India regrets ongoing air-strikes in Libya

India regrets ongoing air-strikes in Libya

"India views with grave concern the continuing violence, strife and deteriorating humanitarian situation in Libya. It regrets the air strikes that are taking place. The measures adopted should mitigate and not exacerbate an already difficult situation for the people of the country," Ministry of External Affairs said.

"Spoke to Ambassador (M) Manimekalai in Tripoli a short while ago. She is cool and calm. Harrowing Saturday night tho' with jets screaming above, she says (Ambassador)," Foreign Secretary Nirupama Rao tweeted.

India hoped that the air strikes would not harm innocent civilians, foreign nationals and diplomatic missions and their personnel, who are still in Libya.

"India calls upon all parties to abjure use of or the threat of use of force and to resolve their differences through peaceful means and dialogue in which the UN and regional organisations should play their roles," the Ministry said in a release.

The US-led military coalition today hit Libyan defence targets with cruise missiles and launched air attacks as Libyan leader Muammar Gaddafi vowed to open his arms depots to the people to retaliate against the Western "aggression".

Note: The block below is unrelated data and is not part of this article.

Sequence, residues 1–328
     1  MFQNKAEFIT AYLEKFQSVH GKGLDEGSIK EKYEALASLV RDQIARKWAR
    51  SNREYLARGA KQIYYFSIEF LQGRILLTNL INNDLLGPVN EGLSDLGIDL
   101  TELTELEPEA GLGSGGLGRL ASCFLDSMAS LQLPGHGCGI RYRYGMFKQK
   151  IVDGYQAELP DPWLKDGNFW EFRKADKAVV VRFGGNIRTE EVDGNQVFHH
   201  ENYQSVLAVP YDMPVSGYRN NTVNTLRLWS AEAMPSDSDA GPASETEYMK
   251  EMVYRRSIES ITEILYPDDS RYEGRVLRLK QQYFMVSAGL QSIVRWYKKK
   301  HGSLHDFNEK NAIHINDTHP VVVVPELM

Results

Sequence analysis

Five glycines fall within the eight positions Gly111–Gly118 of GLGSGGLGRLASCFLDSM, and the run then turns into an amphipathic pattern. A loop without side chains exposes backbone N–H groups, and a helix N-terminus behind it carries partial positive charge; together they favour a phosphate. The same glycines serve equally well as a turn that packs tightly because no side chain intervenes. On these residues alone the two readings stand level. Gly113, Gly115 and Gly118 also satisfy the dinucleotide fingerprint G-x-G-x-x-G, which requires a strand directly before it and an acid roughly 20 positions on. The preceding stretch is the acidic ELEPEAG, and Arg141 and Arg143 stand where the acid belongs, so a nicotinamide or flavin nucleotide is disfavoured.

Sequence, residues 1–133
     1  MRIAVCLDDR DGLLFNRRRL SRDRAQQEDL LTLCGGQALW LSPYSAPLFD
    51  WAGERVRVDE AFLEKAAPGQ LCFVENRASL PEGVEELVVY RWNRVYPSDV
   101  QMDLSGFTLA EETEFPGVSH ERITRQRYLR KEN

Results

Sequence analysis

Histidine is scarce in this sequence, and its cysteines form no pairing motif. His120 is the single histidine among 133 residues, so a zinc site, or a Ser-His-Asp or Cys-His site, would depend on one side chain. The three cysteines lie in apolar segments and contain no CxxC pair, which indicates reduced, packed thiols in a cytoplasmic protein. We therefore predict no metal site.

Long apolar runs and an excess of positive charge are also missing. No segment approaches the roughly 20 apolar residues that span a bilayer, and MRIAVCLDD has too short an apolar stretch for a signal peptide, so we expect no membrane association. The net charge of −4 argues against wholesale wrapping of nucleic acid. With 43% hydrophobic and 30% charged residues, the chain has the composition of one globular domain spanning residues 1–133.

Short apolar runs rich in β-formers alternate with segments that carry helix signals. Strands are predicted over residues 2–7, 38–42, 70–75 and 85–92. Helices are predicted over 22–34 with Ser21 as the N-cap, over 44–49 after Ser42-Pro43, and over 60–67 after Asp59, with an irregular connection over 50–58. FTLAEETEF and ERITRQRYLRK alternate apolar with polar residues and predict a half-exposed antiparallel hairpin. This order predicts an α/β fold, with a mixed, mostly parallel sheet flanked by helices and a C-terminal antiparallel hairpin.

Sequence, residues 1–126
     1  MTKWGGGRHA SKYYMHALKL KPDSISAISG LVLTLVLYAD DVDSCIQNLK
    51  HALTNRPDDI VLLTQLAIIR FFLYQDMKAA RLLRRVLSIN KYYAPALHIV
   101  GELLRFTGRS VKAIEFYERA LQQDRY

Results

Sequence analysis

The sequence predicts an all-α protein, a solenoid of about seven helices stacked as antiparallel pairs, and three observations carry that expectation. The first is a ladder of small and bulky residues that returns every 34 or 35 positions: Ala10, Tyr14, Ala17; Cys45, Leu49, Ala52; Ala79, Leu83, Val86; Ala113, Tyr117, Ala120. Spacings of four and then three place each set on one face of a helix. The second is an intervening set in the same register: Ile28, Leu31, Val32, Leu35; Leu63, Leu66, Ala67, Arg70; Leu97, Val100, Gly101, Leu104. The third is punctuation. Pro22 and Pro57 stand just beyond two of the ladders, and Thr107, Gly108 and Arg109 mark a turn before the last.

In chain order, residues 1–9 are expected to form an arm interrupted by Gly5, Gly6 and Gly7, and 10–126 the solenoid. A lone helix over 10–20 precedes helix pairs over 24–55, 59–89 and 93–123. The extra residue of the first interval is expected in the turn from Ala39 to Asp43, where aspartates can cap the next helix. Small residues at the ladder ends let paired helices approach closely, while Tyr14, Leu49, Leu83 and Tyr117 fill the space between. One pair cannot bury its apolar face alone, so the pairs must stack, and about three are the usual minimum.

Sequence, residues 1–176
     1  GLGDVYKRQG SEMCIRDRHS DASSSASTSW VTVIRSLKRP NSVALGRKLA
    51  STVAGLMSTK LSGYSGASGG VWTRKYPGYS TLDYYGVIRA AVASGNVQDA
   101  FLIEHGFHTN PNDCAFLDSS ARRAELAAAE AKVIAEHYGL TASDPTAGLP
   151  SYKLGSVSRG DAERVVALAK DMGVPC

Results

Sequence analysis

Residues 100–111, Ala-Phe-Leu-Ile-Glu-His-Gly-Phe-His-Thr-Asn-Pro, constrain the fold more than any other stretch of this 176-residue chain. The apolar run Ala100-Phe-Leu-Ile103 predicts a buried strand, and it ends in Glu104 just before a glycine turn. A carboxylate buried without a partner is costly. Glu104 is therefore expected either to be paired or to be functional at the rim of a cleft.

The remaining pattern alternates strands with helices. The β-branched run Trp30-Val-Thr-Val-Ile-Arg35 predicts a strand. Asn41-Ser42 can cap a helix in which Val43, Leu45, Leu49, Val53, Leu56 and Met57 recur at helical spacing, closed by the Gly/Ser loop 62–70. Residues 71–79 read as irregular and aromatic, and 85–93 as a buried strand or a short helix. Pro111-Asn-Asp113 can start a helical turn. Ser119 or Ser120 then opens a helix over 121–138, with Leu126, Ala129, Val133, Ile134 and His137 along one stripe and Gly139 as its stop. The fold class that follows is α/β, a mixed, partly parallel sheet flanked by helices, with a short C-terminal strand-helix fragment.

French jets fired the first shots in 'Operation Odyssey Dawn', the biggest international military intervention in the Arab world since the 2003 invasion of Iraq, destroying tanks and armoured vehicles in eastern Libya, Al-Jazeera reported.

They were joined by the US and the UK who fired over 110 Tomahawk missiles from American and British ships and submarines, hitting about 20 Libyan air and missile defence targets in the capital Tripoli and along the Mediterranean coast, US Navy Vice Adm William Gortney said at a Pentagon briefing.

The UN Security Council had on Thursday adopted a resolution, calling for an immediate ceasefire and authorised "all necessary measures" for protecting civilians in Libya from Gaddafi's forces.